OSWEGO — While April is Child Abuse Awareness Month, SUNY Oswego students in the For the Kids program have been actively raising awareness about this problem and raising funds to support local victims for three years.
In its first three campaigns, For the Kids raised $30,000 and collected a range of items to donate to the Child Advocacy Center, a local agency that provides a child-friendly and safe environment for a multi-disciplinary response to child abuse, promotes healing for victims and families and raises awareness of the issue.
For the Kids is well into its $10,000 goal for this year.
“The fundraising done through For the Kids absolutely helps us do things we might not normally be able to do,” said Melanie Proper of the CAC. “For the Kids allows us to offer different therapeutic groups, trainings, presentations, community education and awareness. It also helps us purchase supplies, including educational materials to use with the children, toys, art supplies and more.”
A pair of 2015 graduates, Eli Kim-Swallow of the Laker men’s hockey team and Denvol Haye of Delta Kappa Kappa fraternity, founded For the Kids in 2014, and those two groups have created a sustainable organization that includes interns receiving academic credits, student volunteers and community supporters.
“I saw Eli doing it my first year here,” said Mitchell Herlihey, a senior men’s hockey player majoring in risk management and insurance, who is taking a leadership role in For the Kids as part of an internship. “They put on good events for a good cause and I can get credit for it, so there’s not a bad thing about it. And it’s grown. It’s cool I could be a part of it.”
For Kevin Villarreal, a senior marketing major and DKK member now in his second year as an intern for the program, trying to reduce child abuse and its impact, particularly in Oswego County, remains a major motivation.
“I’ve been to the CAC and have seen the kids and the struggles they’ve been having, and I really wanted to make a difference,” Villarreal said. “It’s an issue not many college students know about.”
The event’s modest beginnings, starting from scratch, earned Kim-Swallow a national honorable mention Jostens Community Service Award from the National Association of Division III Athletic Administrators.
The initial year anchored around a fundraiser at local bar, The Shed, but the awareness and fundraising continue to expand.
This year’s campaign included campus and community members in events like an open skate fundraiser and, most recently, a fundraiser at Lighthouse Lanes on March 21 where members of the hockey team and DKK bowled with the kids and families.
“It was great to see Greek life and our athletic teams working together and having fun for a good cause,” Herlihey said.
Interest from the hockey community and especially the Blue Line Club, a booster club for Laker hockey, has helped bolster this year’s activities.
“We tabled at the hockey games and collected more than $1,000 in non-perishable snacks for the kids,” Villarreal said.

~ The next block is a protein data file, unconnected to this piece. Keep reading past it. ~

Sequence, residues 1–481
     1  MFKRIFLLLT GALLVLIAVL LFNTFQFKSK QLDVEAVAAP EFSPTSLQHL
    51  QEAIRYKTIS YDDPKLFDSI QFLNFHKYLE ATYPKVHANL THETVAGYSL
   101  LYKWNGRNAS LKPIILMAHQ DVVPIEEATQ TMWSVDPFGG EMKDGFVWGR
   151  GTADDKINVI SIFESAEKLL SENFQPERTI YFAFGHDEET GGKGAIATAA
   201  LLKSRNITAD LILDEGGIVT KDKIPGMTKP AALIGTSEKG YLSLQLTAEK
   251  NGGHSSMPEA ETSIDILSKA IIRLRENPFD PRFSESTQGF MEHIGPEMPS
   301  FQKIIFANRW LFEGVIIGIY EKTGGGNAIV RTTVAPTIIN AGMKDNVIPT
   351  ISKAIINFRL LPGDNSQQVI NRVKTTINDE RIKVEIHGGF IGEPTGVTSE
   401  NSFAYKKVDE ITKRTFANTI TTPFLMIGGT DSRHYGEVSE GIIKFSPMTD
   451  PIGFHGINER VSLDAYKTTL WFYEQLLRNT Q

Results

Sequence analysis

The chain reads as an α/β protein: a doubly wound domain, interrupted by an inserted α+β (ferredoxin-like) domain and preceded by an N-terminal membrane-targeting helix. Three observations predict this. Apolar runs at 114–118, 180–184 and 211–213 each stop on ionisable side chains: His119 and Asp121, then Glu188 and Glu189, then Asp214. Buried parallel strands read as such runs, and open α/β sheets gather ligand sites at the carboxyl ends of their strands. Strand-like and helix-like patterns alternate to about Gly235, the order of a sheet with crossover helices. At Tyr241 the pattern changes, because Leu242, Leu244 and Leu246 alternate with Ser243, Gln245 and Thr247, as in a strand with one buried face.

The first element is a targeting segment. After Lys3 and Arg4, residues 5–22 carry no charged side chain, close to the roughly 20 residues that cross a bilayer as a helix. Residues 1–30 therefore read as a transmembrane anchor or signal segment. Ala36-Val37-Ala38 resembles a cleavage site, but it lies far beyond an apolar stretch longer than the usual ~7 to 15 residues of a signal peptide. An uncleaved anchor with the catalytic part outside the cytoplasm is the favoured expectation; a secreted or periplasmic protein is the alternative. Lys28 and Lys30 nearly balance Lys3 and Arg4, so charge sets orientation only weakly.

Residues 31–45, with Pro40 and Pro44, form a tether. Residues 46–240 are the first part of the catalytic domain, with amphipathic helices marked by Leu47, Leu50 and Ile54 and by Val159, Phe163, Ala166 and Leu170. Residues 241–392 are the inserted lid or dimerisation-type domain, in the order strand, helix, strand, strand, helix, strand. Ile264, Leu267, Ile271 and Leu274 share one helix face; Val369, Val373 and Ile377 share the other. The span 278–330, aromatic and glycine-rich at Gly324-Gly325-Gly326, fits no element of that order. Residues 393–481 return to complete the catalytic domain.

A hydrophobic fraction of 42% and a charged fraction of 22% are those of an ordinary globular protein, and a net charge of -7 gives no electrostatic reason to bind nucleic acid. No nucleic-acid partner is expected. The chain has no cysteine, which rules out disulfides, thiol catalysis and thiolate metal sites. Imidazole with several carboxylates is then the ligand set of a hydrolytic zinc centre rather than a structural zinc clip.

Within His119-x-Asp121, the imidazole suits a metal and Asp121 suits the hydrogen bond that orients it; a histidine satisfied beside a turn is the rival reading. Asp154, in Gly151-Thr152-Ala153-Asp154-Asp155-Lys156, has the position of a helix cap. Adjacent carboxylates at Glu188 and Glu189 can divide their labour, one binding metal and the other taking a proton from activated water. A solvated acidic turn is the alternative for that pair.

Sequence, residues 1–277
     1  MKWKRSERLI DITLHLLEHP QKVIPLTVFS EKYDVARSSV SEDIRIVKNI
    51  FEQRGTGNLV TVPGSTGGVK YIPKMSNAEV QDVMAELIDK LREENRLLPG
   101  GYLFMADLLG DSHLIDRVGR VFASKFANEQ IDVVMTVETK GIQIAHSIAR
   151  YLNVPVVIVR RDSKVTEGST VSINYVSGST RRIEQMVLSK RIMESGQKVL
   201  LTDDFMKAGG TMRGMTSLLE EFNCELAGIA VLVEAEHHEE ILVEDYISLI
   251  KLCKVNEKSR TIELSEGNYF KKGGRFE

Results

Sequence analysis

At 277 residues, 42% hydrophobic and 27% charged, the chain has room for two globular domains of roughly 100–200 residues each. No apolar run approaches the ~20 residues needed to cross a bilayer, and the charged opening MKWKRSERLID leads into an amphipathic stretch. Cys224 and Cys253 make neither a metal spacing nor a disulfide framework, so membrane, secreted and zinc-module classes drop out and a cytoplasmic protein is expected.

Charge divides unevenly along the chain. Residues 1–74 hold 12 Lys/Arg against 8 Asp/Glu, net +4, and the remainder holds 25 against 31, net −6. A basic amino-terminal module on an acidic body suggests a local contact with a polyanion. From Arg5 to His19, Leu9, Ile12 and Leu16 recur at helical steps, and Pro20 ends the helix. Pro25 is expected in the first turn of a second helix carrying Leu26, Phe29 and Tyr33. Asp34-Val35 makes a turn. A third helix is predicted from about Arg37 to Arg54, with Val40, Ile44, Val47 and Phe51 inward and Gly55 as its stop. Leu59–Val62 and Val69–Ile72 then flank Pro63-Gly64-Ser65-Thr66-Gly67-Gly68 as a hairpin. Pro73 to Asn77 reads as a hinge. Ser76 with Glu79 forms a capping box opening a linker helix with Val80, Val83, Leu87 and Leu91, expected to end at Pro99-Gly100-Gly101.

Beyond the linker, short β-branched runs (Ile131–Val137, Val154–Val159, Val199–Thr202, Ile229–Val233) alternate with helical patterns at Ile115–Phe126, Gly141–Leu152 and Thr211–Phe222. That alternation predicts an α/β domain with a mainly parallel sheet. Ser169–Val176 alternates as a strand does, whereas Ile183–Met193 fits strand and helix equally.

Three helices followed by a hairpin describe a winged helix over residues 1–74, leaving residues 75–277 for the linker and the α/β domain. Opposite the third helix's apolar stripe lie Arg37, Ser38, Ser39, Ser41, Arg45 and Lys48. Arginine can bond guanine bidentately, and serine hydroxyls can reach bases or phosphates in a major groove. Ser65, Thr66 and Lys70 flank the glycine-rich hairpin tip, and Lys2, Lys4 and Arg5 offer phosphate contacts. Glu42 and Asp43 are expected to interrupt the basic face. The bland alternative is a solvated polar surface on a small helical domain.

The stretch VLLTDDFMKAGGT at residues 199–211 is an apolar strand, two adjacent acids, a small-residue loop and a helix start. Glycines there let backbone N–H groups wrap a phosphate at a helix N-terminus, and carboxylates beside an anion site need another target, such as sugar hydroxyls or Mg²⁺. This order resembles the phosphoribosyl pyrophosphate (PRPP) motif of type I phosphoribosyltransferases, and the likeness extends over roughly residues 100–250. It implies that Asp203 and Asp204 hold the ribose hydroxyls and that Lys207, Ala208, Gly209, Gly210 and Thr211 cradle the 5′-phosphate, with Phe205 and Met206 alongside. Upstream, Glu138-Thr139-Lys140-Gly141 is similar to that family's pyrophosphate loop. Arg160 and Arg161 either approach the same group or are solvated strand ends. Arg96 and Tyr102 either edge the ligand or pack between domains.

“The biggest difference this year, I think, has been a lot more involvement from our Blue Line Club members and their families,” Herlihey said. “They keep asking us about it and getting more involved, and came out in large numbers for bowling.”
This year’s event at The Shed on April 29 invites campus and community members to show support and win prizes. That coordination, which includes visiting local business for monetary donations or gift certificates as prizes, has provided hands-on experience for organizers — as has development of marketing materials, social media content and fundraising plans.
For the Kids also hopes to coordinate a community gala in early May, and has received interest and support from local officials, but “we just need to raise the capital to make a deposit on the facility,” Herlihey said. If not this year, they hope to add it to the 2018 calendar of events.
The CAC offers mental health counseling, activities for young clients, victim advocates who coordinate the family and criminal court cases with the other members of the multi-disciplinary team and assist the family thought the court processes, space for law enforcement and child protective services to do forensic interviews on site and a nurse providing the forensic medical exams on site free of charge.
Despite cuts in funding that continue to impact many participating agencies, For the Kids has allowed the CAC to continue playing an active and key role, and Proper said the awareness the students provide has been very important as well.
“College students leading this initiative is crucial. I don’t know if the students realize the impact they are having and that they have the possibility to have,” Proper said.
College students “are a population that does not often speak out against child abuse and especially child sexual abuse,” Proper noted. “To have a group of young men talking about this topic can capture new audiences and more attention. Especially when they are respected on campus and in the community for their positions with the hockey team or DKK.”
For more information, visit https://www.facebook.com/FortheKidsOswego/